WI Supreme Court
Case Name: State of Wisconsin v. Jordan Alexander Lickes
Case No.: 2021 WI 60
Focus: Sentencing Guidelines – Probation
Jordan Lickes seeks review of the court of appeals decision, which reversed the Green County Circuit Court’s order expunging three of Lickes’s convictions. Pursuant to Wis. Stat. § 973.015(1m)(a) (2017-18), for individuals under the age of 25 at the time of an offense, a court “may order at the time of sentencing that [the individual’s] record be expunged upon successful completion of the sentence[.]” If the individual is placed on probation, § 973.015(1m)(b) provides that he “has successfully completed the sentence if . . . [he] has satisfied the conditions of probation,” among other things.
Lickes raises two principal issues. First, Lickes contends that the phrase “conditions of probation” under Wis. Stat. § 973.015(1m)(b) does not refer to the conditions set by the Department of Corrections (DOC) but only those conditions ordered by the sentencing court. According to Lickes, he did not need to satisfy DOC’s conditions of probation in order for the circuit court to expunge all three of his convictions. Second, Lickes argues that, even if the phrase “conditions of probation” includes conditions set by DOC, circuit courts nonetheless have discretion to determine that an individual “satisfied [his] conditions of probation” despite having violated one or more conditions.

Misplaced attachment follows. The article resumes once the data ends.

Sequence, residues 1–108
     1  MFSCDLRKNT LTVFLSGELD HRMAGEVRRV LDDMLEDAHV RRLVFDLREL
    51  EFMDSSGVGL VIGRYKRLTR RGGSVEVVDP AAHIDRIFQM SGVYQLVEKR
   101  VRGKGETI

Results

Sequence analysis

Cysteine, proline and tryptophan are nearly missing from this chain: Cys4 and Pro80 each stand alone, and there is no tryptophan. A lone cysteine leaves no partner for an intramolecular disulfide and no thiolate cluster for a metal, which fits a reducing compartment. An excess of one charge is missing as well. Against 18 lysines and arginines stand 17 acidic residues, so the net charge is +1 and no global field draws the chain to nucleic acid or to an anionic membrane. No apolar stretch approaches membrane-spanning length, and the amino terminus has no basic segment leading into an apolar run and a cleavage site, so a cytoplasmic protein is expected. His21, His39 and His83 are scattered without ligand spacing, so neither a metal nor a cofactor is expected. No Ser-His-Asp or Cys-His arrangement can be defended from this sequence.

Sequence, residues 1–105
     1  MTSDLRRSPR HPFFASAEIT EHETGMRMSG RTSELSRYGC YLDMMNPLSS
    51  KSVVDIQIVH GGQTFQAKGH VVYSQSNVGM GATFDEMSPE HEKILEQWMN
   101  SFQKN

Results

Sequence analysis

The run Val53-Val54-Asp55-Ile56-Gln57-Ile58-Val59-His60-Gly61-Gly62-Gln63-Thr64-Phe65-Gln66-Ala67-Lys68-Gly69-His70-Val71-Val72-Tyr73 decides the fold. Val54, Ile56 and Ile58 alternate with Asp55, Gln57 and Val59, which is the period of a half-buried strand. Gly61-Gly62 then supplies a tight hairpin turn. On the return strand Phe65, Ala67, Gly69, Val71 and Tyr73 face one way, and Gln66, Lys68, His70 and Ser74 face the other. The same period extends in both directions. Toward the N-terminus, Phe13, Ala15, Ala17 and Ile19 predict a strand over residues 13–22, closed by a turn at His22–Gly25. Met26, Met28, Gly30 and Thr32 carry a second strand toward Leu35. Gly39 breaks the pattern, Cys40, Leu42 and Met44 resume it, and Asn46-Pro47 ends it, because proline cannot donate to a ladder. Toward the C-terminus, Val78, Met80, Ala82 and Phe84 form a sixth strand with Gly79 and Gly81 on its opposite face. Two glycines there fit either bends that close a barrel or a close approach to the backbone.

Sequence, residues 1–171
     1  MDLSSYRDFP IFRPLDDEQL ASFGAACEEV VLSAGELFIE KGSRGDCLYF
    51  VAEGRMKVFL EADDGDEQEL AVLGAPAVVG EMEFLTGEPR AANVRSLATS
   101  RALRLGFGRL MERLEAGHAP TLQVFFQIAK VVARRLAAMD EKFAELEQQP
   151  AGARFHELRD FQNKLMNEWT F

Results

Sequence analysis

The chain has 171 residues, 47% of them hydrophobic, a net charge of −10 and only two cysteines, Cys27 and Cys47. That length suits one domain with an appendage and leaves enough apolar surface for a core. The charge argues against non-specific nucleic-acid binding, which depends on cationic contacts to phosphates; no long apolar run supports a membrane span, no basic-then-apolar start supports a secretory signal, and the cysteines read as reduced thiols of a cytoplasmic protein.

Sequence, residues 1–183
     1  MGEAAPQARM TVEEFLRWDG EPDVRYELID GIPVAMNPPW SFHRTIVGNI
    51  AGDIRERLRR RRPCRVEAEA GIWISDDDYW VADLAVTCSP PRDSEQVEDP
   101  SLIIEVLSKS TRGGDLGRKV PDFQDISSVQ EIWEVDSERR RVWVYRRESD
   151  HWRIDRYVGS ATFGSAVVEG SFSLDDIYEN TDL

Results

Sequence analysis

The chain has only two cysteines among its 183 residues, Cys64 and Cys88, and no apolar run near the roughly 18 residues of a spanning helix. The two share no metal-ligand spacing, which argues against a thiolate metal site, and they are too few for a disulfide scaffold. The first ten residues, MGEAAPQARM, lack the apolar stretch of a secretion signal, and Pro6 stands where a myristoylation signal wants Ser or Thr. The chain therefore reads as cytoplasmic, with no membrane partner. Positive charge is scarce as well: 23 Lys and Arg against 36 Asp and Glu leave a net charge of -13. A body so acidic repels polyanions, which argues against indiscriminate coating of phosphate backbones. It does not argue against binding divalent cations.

We hold: (1) the phrase “conditions of probation” in Wis. Stat. § 973.015(1m)(b) means conditions set by both DOC and the sentencing court; and (2) the statute does not give circuit courts discretionary authority to declare an individual has “satisfied [his] conditions of probation” if the record demonstrates an individual has violated one or more “conditions of probation,” including DOC-imposed conditions. The circuit court erred in expunging Lickes’s three convictions because he failed to satisfy DOC’s “conditions of probation” for all three convictions. We affirm the decision of the court of appeals.
Dissent: ANN WALSH BRADLEY, J., filed a dissenting opinion in which DALLET, J., joined.
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Derek A Hawkins is Corporate Counsel, at Salesforce.[/box]